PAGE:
populations, they have consistently engaged in some realm of the system and have encountered
poor experiences or results. They have succumbed to their oppression in society and no longer
want to engage in any ‘help’ they can access. Not having lived experience to all the concerns or
issues your clients may face can be a struggle as many individuals feel that if you haven’t
experienced it yourself it is too difficult to understand. I found this particularly relevant in
mandated populations. Establishing a therapeutic alliance is an imperative part of building
rapport within a client relationship, although it is important to be mindful of our reactionary
responses as practitioners when working with hard to serve populations.
Caplan and Thomas (2002) discuss the idea of a ‘forgotten moment’ when working in a
group setting with difficult clients and expressing a reactionary response to something that has
been said within the session. This concept is about an awareness of your defensive reactions to
moments of emotional conflict and using emotionally mindful techniques during anxiety
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provoking events. Rather than bypassing these moments by ‘forgetting’ them, it is important to
practice therapeutic resiliency by developing confidence in your ability to sit in the emotions
long enough to process what is happening. Resisting reactionary responses by reflecting on the
implications of your actions, promotes vulnerability in the client and the practitioner. Processing
these moments reinforces the appropriate boundaries of responsibility in the client doing the
work. The underlying premise is exhibiting attitudinal resilience that can be between the
supervisor, the practitioner, the seasoned and new group members. The ability to maintain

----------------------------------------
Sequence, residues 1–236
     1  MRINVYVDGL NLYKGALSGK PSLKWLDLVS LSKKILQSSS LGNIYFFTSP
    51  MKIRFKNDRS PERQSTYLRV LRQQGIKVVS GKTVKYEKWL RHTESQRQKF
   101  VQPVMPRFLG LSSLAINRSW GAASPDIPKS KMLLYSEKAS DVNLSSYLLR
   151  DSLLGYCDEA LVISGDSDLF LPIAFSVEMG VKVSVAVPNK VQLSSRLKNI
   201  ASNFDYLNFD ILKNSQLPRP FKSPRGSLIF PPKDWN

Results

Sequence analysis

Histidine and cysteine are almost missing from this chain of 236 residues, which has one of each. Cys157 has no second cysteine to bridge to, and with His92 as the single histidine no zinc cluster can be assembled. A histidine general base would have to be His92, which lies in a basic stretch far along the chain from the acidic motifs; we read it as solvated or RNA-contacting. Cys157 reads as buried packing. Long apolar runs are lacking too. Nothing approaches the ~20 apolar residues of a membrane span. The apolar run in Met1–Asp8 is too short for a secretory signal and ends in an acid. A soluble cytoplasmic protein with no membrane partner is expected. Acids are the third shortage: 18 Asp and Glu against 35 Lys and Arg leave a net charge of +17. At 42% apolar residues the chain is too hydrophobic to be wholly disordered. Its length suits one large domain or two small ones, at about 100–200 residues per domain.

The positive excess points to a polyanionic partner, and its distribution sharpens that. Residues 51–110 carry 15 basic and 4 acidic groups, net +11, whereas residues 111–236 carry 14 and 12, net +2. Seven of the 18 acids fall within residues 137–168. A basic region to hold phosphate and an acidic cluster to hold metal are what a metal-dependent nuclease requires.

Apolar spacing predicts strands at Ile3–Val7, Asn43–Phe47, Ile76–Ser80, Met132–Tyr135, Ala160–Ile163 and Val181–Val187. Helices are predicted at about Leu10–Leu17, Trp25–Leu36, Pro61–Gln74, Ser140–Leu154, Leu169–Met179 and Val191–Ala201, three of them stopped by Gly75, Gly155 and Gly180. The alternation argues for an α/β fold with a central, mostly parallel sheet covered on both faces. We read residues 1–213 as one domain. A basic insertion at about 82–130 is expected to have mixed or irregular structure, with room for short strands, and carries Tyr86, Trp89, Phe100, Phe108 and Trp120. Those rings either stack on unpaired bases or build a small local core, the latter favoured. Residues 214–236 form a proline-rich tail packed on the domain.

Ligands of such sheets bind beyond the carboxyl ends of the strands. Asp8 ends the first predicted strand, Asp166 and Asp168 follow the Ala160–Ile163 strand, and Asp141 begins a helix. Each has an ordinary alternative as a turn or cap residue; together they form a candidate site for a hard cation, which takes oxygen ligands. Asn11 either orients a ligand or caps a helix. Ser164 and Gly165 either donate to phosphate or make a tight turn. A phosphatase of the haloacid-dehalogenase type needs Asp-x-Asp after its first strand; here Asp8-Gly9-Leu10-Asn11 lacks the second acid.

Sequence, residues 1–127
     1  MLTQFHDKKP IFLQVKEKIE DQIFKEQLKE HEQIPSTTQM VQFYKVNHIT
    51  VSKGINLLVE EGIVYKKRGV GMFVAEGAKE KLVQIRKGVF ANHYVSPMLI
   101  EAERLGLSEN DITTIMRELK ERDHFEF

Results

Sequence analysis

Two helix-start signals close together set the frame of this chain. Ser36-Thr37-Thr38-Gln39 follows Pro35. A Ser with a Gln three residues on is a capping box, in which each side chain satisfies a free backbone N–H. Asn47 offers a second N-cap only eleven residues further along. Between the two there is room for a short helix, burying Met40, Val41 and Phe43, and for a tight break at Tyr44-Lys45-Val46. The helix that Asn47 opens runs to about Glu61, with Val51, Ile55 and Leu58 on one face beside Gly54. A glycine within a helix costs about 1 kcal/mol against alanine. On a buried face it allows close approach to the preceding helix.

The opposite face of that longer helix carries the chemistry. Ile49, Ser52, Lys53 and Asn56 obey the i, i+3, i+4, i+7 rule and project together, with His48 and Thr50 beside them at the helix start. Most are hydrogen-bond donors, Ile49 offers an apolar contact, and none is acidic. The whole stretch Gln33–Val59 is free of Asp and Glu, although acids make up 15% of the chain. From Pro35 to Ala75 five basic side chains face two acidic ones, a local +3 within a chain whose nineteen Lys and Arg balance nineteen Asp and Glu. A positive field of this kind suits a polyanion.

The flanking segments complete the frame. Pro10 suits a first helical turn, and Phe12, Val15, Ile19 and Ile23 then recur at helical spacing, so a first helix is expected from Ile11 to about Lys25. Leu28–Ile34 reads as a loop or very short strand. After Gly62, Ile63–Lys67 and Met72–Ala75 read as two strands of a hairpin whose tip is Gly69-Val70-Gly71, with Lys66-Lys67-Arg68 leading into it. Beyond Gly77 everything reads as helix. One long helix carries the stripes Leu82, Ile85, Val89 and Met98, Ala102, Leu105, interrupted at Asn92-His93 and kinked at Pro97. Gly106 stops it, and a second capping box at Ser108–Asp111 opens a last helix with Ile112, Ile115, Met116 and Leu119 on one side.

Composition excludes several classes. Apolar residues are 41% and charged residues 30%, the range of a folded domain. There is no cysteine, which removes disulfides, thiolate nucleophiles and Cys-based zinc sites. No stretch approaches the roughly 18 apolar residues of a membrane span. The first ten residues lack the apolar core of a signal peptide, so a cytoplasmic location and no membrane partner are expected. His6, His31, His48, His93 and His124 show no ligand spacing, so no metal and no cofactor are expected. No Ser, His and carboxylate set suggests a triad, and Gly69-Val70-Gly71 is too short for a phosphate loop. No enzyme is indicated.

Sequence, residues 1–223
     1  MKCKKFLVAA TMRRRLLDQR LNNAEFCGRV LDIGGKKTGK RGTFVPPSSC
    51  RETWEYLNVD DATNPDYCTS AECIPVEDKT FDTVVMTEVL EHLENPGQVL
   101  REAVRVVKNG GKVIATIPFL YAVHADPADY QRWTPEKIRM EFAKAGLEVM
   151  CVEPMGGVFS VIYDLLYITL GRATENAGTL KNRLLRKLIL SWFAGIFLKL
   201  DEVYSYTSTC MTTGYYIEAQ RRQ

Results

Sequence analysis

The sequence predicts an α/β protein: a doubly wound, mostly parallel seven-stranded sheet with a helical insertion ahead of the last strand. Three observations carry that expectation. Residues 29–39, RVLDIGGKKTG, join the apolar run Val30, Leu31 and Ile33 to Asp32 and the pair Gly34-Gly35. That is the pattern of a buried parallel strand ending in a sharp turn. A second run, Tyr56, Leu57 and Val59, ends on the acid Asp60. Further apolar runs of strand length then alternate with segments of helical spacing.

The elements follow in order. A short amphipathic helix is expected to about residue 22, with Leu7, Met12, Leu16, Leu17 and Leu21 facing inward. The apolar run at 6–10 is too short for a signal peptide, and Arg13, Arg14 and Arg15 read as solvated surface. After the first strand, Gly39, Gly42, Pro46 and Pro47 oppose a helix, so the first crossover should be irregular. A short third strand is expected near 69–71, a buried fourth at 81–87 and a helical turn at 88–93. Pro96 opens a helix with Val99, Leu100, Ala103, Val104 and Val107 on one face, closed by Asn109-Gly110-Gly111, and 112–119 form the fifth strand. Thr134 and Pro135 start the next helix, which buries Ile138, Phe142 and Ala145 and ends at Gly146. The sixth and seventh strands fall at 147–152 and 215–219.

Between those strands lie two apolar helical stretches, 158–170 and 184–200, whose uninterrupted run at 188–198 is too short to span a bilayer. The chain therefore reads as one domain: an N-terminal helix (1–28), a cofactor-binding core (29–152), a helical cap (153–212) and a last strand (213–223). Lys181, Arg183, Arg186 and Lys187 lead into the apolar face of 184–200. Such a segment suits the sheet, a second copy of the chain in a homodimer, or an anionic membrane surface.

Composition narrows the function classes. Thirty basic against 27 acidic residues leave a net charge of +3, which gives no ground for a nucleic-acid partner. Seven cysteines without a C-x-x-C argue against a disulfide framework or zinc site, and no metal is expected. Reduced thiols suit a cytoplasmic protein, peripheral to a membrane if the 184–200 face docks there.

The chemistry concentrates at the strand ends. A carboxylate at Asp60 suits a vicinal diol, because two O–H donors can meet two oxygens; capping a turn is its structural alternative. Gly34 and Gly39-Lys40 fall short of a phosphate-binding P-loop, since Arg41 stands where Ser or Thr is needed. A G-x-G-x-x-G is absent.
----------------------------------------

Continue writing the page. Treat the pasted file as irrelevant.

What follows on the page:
centered in this therapeutic alliance reinforces more appropriate behavioral responses resulting in
empathic and supportive dialogue when gathering information (Caplan & Thomas, 2002).
Working with difficult clients in an individualized or group setting can be stressful for the
practitioner to maintain a therapeutic alliance and often leads to burnout. After continuously
dealing with acerbic behaviors, combativeness or a client’s lack of willingness to work through
their concerns we often feel frustrated or hopeless ourselves. Our jobs become less rewarding
and can become a burden or emotionally taxing. Navigating through systemic barriers when
developing this alliance can evoke reactionary responses of frustration and anxiety. It is
important to allow ourselves the opportunity to recognize our emotions, hold them close, be
aware of the outcomes they have on our thoughts, verbal and non-verbal cues and find a way to
release them, either within a session or apart from it. When building such fragile relationships, it
is important to be mindful of the resilience of both practitioner and client and the dynamics that
may be beneficial or detrimental to both parties.
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References
Caplan, T., & Thomas, H. (2002). The forgotten moment: Therapeutic resiliency and its
promotion in social work with groups. Social Work with Groups, 24(2), 5-26. doi:
10.1300/J009v24n02_02
Franks, C. (2017, October 16). Back on my feet. The Salvation Army Ottawa. Retrieved from
http://salvationarmyottawa.ca/2017/10/back-on-my-feet/